To assess the influence of male versus female microbiota on T1D susceptibility in NOD mice, Markle et al. then transfer gut microbiota from adult male or female to female weanlings (indicated as M->F or F->F, respectively). They subsequently verify that at 11 weeks of age the M->F transfer has indeed induced changes in the composition of the recipient females’ gut microbiota compared to unmanipulated females. Of note, while some of the bacterial species that are differentially represented between M->F recipients and unmanipulated females also distinguish between unmanipulated males and females, some do not, meaning that the transfer leads to a gut microbial composition that is neither fully “female” nor “male”.

The authors then assess the effect of the transfers on the recipients’ hormonal and metabolic profiles. They find that testosterone levels at 7 and 14 weeks of age are higher in M->F recipients than in F->F recipients or unmanipulated females (they are still lower than in unmanipulated males though). The M->F transfer also leads to a metabolic profile distinct from those observed in either unmanipulated females or males.

Finally, the authors observe that the M->F transfer recapitulates in female recipients the relative protection from T1D usually observed in unmanipulated males: T1D incidence is significantly lower in M->F female recipients compared to unmanipulated females or F->F female recipients. Both insulitis (leukocyte infiltration in pancreatic islets) scores and anti-insulin autoantibody levels are lower in M->F mice compared to F->F or unmanipulated mice before onset of disease (pre-diabetic mice, 14 weeks of age). Interestingly, this protection is lost when the recipients are treated with an androgen-receptor antagonist.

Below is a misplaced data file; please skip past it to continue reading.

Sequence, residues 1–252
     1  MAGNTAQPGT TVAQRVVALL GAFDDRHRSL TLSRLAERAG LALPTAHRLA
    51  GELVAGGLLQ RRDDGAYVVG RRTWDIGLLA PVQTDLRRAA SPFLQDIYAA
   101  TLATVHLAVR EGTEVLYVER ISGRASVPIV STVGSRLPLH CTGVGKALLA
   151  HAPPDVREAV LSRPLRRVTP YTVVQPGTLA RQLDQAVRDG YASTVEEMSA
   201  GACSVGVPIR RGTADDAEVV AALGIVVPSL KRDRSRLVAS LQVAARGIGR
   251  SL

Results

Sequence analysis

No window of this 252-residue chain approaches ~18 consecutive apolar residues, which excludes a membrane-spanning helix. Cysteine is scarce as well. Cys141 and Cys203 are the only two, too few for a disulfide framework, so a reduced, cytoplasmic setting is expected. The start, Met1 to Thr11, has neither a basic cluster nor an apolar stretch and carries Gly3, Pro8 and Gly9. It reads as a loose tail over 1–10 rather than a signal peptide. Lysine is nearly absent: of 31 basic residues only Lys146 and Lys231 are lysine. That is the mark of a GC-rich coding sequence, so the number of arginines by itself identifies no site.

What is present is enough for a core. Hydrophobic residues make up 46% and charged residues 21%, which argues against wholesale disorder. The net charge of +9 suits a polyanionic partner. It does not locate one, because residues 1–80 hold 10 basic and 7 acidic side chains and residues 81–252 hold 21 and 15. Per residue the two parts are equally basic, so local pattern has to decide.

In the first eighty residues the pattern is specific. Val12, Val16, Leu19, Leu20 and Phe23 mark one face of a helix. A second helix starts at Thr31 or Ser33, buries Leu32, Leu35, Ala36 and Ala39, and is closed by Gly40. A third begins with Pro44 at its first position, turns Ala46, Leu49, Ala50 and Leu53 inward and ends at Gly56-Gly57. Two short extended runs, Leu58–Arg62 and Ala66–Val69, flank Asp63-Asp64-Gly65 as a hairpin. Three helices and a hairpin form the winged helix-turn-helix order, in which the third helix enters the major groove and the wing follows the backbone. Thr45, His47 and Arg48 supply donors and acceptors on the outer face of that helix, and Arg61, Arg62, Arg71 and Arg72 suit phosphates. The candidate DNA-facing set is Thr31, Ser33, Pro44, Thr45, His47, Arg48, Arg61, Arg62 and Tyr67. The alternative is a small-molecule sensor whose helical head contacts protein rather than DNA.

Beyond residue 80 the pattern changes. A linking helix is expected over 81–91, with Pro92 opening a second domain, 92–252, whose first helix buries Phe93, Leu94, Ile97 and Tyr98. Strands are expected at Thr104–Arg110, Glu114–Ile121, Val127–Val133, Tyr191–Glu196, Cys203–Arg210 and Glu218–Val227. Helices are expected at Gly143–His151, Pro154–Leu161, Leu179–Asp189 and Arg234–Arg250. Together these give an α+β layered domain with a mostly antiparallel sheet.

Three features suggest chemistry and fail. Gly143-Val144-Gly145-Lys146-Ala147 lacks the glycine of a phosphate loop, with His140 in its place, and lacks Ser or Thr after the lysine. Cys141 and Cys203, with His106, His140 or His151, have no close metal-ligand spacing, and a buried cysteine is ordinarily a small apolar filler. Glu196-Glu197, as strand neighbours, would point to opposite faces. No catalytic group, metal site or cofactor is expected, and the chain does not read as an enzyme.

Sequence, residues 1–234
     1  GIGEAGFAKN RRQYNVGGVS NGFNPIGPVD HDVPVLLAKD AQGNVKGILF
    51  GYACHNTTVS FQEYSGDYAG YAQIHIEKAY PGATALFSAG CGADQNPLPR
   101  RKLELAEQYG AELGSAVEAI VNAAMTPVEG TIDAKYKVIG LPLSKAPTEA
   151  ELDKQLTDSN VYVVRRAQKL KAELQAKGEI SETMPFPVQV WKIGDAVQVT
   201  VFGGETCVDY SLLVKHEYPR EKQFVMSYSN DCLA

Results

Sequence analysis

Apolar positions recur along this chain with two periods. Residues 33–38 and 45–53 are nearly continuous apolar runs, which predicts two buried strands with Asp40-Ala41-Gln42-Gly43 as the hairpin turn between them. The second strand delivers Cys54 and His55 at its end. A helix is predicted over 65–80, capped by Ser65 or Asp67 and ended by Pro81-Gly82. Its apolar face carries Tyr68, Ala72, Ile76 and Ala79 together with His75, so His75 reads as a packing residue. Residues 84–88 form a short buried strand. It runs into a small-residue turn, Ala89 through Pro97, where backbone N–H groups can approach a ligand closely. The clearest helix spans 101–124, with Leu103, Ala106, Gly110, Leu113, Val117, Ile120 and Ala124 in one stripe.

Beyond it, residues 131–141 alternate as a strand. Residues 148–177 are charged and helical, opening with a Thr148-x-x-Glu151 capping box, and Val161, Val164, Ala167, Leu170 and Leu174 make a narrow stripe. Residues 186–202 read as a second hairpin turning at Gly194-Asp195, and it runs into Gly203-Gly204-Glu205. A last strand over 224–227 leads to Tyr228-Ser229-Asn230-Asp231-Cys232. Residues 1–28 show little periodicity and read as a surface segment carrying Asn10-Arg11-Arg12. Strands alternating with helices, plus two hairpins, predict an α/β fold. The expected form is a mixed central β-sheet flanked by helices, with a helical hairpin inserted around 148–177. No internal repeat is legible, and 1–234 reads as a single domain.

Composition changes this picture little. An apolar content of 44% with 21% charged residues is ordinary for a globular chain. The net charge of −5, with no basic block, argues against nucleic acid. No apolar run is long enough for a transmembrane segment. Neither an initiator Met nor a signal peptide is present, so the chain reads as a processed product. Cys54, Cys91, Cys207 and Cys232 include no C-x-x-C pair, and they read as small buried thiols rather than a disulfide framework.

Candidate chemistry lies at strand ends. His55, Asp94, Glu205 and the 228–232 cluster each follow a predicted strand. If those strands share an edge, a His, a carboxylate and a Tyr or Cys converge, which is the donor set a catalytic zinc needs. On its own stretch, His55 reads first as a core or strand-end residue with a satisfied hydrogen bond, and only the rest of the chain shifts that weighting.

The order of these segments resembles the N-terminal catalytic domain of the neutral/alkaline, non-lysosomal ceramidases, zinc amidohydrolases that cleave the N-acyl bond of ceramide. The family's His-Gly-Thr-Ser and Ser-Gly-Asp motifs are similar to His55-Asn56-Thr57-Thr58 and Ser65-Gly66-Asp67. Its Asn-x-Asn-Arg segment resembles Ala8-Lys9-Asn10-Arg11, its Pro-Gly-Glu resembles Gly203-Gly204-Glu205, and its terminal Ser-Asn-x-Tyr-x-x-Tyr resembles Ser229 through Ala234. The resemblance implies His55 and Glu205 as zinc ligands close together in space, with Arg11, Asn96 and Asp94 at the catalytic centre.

Altogether, these data show that transfer of male microbiota to female NOD mice before puberty attenuates the autoimmune phenotype and that this effect is dependent on testosterone activity. Although this study suggests that the feedback exerted by male microbiota on testosterone levels confers a relative protection from autoimmunity in the NOD mouse, it will be interesting to investigate whether the female microbiota itself has pro-autoimmune effects and if it regulates other hormone-regulated pathways.

I found this study particularly interesting because it shows that changes in the gut microbiota early in life can modulate disease susceptibility in mice that have a strong genetic predisposition to develop the disease. Perhaps even more interesting, it identifies a direct interaction between commensal bacteria, sex hormones and disease susceptibility, showing that an extrinsic (albeit commensal) factor contributes to gender bias in autoimmune disease.

Reference
Sex Differences in the Gut Microbiome Drive Hormone-Dependent Regulation of Autoimmunity. Janet G. M. Markle et al. Science 339, 1084 (2013); DOI: 10.1126/science.1233521
PMID: 23328391

ResearchBlogging.org
Markle JG, Frank DN, Mortin-Toth S, Robertson CE, Feazel LM, Rolle-Kampczyk U, von Bergen M, McCoy KD, Macpherson AJ, & Danska JS (2013). Sex differences in the gut microbiome drive hormone-dependent regulation of autoimmunity. Science , 339 (6123), 1084-8 PMID: 23328391